Pays au potentiel économique et social énorme, la République démocratique du Congo est confrontée au double défi de garantir l'éducation primaire universelle et d'élargir les opportunités d'éducation et de formation post-primaires pour sa jeunesse. Cette étude présente une analyse du niveau scolaire actuel et des inscriptions des jeunes dans le groupe des 12 à 24 ans et des opportunités d'éducation et de formation qui leur sont offertes dans les secteurs formels et informels. En utilisant les résultats d'un modèle de simulation qui incorpore l'inscription dans des programmes d'éducation alternatifs et le niveau scolaire atteint par la population déscolarisée, ce rapport traite des différents scénarios pour le développement du secteur post-primaire. Les résultats de chaque scénario sont évalués en fonction de leur impact sur l'accumulation du capital humain des jeunes et la durabilité des dépenses publiques. Le rapport présente diverses options pour relever rapidement le niveau scolaire des jeunes qui entreront sur le marché du travail au cours des deux prochaines décennies, à savoir l'élargissement du choix des opportunités d'éducation et de formation pour les enfants déscolarisés, l'extension du cycle primaire ainsi que la réorganisation de l'enseignement secondaire et technique/professionnel pour réduire la spécialisation précoce.
The Democratic Republic of Congo faces the challenge of providing universal primary education and expanding opportunities for post-secondary education and training for its youth, ages 12 to 24. This study analyzes the current educational attainment and school enrollment status of youth, as well as the formal and informal post-secondary educational and training opportunities available to them. The study uses the results of a simulation model that incorporates enrollment in alternative education programs and considers alternative scenarios for developing the post-primary sector. Each scenario is evaluated for the impact on the human capital accumulation of young people and the sustainability of public expenditures. The report offers policy options for rapidly raising the educational attainment of young people who will be entering the labor force in the next two decades, including expanding opportunities for alternative education and training for out-of-school children, the extension of primary education, and the reorganization of secondary and technical/vocational training to reduce early specialization.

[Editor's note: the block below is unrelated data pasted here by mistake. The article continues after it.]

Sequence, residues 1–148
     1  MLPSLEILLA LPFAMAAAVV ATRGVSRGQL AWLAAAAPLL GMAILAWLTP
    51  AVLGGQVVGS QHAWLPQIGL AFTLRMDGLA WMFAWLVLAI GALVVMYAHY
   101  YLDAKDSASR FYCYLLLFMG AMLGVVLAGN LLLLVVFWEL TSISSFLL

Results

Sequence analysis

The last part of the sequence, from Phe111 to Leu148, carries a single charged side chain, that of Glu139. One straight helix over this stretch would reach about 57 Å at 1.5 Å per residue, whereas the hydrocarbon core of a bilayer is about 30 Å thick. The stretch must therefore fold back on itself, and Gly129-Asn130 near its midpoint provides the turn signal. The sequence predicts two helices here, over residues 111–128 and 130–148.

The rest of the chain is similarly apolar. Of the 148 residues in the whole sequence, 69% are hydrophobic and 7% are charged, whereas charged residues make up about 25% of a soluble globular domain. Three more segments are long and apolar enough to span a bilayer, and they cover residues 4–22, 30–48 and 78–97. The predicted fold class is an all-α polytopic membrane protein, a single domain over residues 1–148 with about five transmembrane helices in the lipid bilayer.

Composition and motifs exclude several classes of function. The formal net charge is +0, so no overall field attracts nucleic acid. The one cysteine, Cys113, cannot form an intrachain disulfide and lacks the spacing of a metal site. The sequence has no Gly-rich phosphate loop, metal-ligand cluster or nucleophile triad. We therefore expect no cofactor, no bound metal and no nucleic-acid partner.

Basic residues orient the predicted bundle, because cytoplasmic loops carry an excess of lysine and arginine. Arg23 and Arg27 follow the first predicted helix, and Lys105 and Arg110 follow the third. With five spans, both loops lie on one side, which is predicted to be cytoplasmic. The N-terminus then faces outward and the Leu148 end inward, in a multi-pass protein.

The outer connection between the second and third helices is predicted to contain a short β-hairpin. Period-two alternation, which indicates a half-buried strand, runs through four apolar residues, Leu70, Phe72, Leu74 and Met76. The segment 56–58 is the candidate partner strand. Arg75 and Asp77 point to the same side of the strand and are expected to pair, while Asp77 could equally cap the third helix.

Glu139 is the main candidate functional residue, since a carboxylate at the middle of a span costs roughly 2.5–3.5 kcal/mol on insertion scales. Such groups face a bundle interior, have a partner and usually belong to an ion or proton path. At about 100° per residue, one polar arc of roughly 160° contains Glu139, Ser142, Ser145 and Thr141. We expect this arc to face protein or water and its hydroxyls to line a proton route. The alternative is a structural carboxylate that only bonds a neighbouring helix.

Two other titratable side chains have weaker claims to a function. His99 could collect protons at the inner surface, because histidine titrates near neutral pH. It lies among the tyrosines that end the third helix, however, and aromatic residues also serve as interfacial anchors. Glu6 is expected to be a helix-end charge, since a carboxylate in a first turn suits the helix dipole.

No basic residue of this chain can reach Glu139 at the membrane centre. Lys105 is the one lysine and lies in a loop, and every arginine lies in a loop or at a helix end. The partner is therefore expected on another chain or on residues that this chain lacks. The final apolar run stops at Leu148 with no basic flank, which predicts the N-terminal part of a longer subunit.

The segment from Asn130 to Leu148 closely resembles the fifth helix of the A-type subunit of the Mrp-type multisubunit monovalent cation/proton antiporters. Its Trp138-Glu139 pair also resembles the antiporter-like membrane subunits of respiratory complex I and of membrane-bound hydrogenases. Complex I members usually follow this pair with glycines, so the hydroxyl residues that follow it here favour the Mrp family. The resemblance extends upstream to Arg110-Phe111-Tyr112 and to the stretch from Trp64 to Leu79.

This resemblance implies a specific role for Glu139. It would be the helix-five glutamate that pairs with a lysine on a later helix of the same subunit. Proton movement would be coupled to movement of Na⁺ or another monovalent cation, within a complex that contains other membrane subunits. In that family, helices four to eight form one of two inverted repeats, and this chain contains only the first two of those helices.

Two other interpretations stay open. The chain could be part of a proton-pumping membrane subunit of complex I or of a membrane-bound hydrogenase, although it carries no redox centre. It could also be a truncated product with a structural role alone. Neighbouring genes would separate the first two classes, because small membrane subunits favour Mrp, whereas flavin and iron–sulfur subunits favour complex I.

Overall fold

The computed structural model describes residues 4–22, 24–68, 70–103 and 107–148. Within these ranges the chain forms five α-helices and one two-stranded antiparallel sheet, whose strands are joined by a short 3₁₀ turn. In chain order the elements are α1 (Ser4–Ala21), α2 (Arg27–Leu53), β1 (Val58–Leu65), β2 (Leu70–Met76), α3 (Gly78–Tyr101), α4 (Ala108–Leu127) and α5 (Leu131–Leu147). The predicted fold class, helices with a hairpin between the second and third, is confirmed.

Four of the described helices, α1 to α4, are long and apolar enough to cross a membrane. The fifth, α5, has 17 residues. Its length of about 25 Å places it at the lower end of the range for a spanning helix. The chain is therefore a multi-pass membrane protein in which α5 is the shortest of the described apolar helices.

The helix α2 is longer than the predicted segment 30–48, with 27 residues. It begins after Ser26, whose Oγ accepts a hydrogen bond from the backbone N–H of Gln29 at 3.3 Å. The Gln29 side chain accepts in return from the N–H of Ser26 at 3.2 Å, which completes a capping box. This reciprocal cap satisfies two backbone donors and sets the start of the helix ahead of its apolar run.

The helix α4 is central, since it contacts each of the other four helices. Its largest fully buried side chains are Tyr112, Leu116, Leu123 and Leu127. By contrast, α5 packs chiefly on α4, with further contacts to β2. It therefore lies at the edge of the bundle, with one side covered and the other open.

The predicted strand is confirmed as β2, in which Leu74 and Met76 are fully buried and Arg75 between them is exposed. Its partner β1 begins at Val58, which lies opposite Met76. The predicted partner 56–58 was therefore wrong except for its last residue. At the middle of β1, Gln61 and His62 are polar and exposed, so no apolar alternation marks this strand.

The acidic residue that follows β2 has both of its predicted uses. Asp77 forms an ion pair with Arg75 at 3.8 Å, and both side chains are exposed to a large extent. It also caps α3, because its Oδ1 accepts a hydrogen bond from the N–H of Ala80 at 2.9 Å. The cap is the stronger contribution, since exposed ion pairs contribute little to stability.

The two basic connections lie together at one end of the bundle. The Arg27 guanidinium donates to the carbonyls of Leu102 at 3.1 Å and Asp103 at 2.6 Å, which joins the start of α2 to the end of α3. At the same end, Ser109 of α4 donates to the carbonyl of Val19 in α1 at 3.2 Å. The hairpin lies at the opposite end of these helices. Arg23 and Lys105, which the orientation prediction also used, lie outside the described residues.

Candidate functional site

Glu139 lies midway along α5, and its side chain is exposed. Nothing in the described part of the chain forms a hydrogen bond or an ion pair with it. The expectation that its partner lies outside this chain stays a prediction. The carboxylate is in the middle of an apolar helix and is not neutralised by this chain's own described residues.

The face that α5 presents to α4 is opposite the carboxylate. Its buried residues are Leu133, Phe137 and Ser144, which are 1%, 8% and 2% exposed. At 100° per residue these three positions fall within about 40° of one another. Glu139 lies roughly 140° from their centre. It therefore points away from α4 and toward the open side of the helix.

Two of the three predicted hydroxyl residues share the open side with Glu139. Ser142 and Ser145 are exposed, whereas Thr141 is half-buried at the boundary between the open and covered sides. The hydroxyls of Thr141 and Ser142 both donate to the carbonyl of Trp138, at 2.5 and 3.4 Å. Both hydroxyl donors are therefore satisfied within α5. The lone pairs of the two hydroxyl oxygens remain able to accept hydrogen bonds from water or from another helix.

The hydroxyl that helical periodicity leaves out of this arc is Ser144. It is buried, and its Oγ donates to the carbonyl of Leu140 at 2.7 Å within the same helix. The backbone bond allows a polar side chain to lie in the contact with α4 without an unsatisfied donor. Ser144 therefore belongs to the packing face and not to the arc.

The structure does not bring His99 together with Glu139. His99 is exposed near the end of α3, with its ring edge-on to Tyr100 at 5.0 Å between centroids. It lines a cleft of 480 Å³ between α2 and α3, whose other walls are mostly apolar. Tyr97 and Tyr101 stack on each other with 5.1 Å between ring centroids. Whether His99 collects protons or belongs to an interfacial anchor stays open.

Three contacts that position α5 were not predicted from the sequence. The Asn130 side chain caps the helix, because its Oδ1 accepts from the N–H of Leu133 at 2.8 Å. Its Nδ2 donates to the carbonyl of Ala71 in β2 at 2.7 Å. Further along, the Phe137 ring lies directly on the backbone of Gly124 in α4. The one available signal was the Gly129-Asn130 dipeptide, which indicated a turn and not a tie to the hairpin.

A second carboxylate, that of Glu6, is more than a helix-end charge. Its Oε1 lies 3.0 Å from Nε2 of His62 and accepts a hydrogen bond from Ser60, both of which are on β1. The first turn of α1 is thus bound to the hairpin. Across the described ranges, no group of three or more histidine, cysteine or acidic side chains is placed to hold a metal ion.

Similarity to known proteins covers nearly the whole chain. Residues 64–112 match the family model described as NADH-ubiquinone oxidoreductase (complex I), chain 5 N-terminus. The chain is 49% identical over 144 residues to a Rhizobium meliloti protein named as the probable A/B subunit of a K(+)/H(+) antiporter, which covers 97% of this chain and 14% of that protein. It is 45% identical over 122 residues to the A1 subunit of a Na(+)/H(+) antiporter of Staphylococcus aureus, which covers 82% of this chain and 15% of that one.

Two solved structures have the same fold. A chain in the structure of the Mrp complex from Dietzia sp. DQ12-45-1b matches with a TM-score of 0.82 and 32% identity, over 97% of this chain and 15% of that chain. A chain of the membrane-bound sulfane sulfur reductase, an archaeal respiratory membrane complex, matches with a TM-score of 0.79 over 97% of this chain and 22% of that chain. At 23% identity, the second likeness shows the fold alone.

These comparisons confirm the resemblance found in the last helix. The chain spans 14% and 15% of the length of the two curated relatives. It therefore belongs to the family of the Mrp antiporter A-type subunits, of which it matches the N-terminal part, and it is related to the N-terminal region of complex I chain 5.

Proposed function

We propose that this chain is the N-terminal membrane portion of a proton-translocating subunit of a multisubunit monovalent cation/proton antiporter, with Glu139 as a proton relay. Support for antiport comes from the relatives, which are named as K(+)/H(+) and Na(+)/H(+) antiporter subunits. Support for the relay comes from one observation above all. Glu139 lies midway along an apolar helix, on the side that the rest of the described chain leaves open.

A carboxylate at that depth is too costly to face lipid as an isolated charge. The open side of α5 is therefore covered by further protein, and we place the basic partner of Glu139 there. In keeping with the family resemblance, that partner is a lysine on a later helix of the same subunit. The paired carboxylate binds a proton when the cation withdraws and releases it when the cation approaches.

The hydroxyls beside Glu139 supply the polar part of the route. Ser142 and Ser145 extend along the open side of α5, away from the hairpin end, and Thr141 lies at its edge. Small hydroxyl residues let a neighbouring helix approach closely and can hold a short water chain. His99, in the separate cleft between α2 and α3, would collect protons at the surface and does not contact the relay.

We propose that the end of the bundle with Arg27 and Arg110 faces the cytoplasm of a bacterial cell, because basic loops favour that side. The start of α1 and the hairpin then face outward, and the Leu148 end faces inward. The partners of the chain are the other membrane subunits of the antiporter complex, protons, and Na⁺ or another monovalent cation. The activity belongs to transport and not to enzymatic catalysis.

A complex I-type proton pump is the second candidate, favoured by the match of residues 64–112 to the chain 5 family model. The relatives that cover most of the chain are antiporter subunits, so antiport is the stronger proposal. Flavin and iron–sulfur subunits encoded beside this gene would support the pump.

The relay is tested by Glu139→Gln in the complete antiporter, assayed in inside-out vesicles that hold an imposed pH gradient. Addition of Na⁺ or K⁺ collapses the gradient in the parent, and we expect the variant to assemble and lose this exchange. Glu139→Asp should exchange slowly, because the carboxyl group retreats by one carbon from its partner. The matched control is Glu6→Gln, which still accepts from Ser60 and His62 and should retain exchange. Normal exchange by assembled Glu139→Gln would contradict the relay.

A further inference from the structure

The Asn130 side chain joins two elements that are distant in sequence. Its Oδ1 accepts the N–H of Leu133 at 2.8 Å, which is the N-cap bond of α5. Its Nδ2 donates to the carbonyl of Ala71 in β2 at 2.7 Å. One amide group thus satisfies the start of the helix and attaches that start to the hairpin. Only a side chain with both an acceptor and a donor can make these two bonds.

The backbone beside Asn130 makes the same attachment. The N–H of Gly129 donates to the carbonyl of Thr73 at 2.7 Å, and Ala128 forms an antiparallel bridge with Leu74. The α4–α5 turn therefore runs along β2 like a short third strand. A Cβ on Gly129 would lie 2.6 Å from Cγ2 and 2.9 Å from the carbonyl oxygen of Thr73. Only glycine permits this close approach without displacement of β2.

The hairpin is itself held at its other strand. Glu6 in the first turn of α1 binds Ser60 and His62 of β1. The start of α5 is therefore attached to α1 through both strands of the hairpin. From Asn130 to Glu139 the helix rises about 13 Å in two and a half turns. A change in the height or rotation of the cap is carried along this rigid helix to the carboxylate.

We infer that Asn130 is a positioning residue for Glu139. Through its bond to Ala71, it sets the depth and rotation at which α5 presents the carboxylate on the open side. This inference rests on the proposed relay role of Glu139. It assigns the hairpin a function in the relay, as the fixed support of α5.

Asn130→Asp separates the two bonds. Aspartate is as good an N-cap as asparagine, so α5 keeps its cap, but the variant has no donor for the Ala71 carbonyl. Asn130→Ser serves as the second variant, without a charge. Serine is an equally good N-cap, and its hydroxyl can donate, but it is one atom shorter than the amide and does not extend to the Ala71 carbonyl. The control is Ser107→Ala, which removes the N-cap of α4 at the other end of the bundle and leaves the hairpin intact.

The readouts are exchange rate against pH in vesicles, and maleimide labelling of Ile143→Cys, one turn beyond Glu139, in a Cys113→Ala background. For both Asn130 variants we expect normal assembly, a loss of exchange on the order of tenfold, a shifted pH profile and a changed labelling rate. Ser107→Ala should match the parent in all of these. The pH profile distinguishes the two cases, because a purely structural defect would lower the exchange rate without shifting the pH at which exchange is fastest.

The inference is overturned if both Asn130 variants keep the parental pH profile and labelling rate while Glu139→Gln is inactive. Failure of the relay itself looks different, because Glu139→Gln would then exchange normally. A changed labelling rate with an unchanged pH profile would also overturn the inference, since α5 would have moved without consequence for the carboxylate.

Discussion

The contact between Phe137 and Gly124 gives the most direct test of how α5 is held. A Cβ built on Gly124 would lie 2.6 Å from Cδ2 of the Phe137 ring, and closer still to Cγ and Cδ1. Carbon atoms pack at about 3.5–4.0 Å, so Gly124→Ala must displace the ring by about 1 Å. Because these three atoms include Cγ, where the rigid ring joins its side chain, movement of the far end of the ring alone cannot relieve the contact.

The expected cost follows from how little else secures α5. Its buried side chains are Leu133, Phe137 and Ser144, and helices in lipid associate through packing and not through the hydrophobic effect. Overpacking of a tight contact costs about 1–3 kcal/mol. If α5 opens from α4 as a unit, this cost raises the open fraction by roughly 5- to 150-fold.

With challenges similar to those faced by a number of low income countries, Madagascar faces critical policy choices with respect to post-basic education. Enrolment ratios in senior secondary education and tertiary education are 10 percent and 3 percent, respectively, among the lowest in the world. Critical skill shortages and pervasive inequities in access necessitate changes in the quantity and quality of education and skills. The increasing number of basic education completers and demographic growth are mounting pressure on the government to expand access to post-basic education. Responding to these economic and social challenges, the government has made the transformation of education one of the key priorities of the Madagascar Action Plan. However, low domestic revenues and competing demands from other sectors, including basic education, limit the room for maneuver. Caught between these two pincers, policy makers often choose to sacrifice quality over expanding access or are unable to develop a long term vision. 'Developing the Workforce, Shaping the Future' presents Madagascar's core challenges and argues persuasively that the time for transforming the post-basic education system is now. It documents the poor performance of the post-basic education system in the areas of quality and relevance, internal efficiency, equity and financial inefficiency. The report presents a sequence of prioritization of reforms, focusing on improving education content and linkages with the economy, increasing coverage cost-effectively through the adoption of new planning norms for public institutions, utilization of the private sector and innovations in open/flexible learning and creating the enabling framework through reforms of governance, finance and management. The report provides a convincing reform scenario for a low income country, with actions to be undertaken in the medium and long term to sustain the development of post-basic education in an environment of limited public resources and implementation capacity. Policy makers in other developing countries will find this report useful to gauge their own strategies for post basic education.
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